Utilising the new toolset provided in the 2016 DIPS, Defence is now proposing to work actively with the shortlisted tenderers (BAE Systems and Rheinmetall) to investigate opportunities for the replacement of offshore suppliers in each prime’s supply chain with local suppliers, and for participation in the growth path and through-life upgrade of the LAND 400 capability. This effort is to be part of a broader LAND 400 push to ensure and facilitate engagement between the short-listed tenderers and Australian industry.

Again, the nub of the work to proceed during the RMA involves the development of costed options for different levels of Australian industry participation in Phase 2 delivery and sustainment. The basic parameters for the construction of tender responses would therefore be:

a) A best price option for acquisition, regardless of the location of manufacture and assembly, with the capability supported and sustained in Australia;

b) an option, similar to the best acquisition price option, but which includes the use of Australian components in place of overseas sourced parts, which must meet the required performance standards, or other Australian contributions to the fielding of the integrated vehicle system;

c) an option that is an assembled in Australia option with Australian components, with the capability supported in Australia; and

d) an option for a higher level of Australian industry engagement in the manufacture and through-life growth path of the vehicle, if the extensive industry engagement activities proposed to be undertaken during the RMA demonstrate that this is feasible with a low or minimal cost premium.

This of course, will all work as long as Defence has sufficient intellectual property (IP) rights over key elements of the vehicle specification process in order to be able to maximise Australian industry participation in the through-life support of the capability. Design specifications that mandate the use of particular components for no other reason than to direct the business to source country suppliers have long been the bane of efforts to encourage greater local industry participation.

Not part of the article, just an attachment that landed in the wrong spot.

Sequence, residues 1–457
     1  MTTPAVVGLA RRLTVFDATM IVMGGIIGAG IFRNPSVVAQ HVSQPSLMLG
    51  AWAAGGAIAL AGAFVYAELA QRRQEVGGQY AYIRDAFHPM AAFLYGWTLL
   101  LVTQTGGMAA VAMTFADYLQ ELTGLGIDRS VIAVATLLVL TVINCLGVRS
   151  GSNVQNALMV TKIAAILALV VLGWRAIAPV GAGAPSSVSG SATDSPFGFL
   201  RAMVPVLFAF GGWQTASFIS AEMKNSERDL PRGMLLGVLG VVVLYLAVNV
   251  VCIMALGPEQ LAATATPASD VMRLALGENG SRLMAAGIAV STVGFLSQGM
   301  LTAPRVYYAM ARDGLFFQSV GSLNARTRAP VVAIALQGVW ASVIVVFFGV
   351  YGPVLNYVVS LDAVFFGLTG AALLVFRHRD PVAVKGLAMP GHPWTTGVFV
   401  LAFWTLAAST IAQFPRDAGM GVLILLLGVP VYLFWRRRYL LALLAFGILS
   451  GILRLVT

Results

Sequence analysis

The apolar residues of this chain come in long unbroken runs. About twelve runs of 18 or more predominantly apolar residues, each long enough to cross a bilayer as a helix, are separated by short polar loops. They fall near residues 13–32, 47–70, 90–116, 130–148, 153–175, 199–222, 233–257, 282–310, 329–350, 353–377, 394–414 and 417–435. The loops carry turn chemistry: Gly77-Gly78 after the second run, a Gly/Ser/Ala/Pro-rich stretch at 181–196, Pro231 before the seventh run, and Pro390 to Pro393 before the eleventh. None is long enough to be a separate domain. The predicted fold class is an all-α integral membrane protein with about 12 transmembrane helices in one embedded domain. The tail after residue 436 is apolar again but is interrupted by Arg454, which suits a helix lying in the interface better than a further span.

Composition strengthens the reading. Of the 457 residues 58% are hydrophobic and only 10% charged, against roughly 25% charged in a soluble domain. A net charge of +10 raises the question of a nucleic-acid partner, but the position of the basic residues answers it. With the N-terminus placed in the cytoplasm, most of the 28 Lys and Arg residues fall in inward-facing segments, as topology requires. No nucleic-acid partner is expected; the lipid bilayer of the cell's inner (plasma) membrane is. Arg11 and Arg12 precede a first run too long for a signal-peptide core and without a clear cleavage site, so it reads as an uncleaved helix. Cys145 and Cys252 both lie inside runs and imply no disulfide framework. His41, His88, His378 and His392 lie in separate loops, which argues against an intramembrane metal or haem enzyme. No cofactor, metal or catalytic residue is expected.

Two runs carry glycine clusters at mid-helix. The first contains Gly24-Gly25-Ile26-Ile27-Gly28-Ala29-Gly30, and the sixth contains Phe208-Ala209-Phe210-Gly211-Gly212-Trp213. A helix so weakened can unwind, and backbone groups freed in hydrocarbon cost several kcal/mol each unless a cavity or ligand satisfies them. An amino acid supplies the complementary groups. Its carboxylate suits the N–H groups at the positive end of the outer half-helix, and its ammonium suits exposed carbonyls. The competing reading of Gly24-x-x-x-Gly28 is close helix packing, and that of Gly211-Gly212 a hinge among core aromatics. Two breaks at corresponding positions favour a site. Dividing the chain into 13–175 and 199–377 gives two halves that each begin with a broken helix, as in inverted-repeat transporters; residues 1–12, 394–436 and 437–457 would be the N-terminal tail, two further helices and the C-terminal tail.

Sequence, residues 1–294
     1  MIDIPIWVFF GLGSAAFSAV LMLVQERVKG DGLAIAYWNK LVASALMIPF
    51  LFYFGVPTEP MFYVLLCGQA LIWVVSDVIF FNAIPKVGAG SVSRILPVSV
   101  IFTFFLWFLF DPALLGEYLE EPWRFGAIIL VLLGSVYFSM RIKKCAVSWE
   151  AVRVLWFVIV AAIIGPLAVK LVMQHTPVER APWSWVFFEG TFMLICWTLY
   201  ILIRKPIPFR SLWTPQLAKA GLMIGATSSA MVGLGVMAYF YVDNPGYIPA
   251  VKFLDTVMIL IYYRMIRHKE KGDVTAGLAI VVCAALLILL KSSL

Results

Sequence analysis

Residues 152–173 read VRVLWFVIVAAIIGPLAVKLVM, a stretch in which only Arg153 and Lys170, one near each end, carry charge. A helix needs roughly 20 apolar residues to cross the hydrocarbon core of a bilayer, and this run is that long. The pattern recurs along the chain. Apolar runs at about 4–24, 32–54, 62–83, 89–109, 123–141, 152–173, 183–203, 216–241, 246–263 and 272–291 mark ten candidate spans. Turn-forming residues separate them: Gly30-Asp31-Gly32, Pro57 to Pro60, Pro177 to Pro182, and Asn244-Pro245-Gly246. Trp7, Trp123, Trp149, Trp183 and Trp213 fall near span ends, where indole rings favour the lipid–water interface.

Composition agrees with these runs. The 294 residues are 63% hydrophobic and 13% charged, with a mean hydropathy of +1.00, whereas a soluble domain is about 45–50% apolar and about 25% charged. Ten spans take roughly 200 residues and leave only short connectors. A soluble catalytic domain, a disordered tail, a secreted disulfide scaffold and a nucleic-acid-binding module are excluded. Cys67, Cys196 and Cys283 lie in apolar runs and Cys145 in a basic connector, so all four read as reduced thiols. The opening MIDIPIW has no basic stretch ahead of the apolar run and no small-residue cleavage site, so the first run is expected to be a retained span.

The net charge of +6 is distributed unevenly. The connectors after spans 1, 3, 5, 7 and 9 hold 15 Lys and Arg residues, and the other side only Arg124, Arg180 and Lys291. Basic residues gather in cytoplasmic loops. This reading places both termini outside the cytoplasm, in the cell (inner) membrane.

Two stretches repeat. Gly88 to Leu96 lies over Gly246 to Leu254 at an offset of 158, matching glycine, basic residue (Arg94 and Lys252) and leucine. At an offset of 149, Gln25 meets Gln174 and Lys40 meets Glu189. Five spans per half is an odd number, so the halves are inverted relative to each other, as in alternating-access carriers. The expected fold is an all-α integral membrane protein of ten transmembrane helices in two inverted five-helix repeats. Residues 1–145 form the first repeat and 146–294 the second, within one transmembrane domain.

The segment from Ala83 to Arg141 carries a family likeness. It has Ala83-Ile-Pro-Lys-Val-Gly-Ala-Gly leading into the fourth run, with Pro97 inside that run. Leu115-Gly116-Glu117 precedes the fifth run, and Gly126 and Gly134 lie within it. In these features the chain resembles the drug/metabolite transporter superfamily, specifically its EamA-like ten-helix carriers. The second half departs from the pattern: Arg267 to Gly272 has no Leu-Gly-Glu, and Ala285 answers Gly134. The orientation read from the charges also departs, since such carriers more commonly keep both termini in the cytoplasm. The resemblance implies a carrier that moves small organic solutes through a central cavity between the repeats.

Those with long memories will recall that New Zealand-based suppliers in the ANZAC frigate project were once barred from supplying gangways to the ships – not because they could not meet the functional performance specification – but because they could not match the pattern stamped on the subject gangways. Of course, the pattern was the registered design of a foreign supplier.

The idea of opening up the interpretation of MOTS and MOTS Plus to component substitution also gets Defence off the sticky hook of having to mandate specific quantitative levels of Australian industry content. For however optimistic you feel about the new DIPS policy and the recognition of industry as a FIC, there is no way the Turnbull government is going to let such concessions evolve into a runaway game on major project costs and schedule.

Deloitte’s report takes this issue on the chin by describing the mandating of specific quantitative levels of Australian industry content as having represented in the past, “an unreliable and ineffective basis for ensuring Australian industry participation”. Productivity Commission estimates of the monumental Effective Rate of Assistance that will be afforded to the local manufacture of Future Submarines from the mandated inclusion of Australian steel also provide sober reading on this point.

The landscape for local industry on LAND 400 is therefore much clearer. Provision for the broader interpretation of MOTS and MOTS Plus has been provided in terms of new guidance on the opportunities for component substitution across the manufacturing and through-life sustainment/upgrade phases. The mandating of specific quantitative levels of local content has being rejected on the basis of a reasonable expectation that it is in both tenderers’ interests to bend with the winds of recent changes in defence industry policy and maximise their efforts.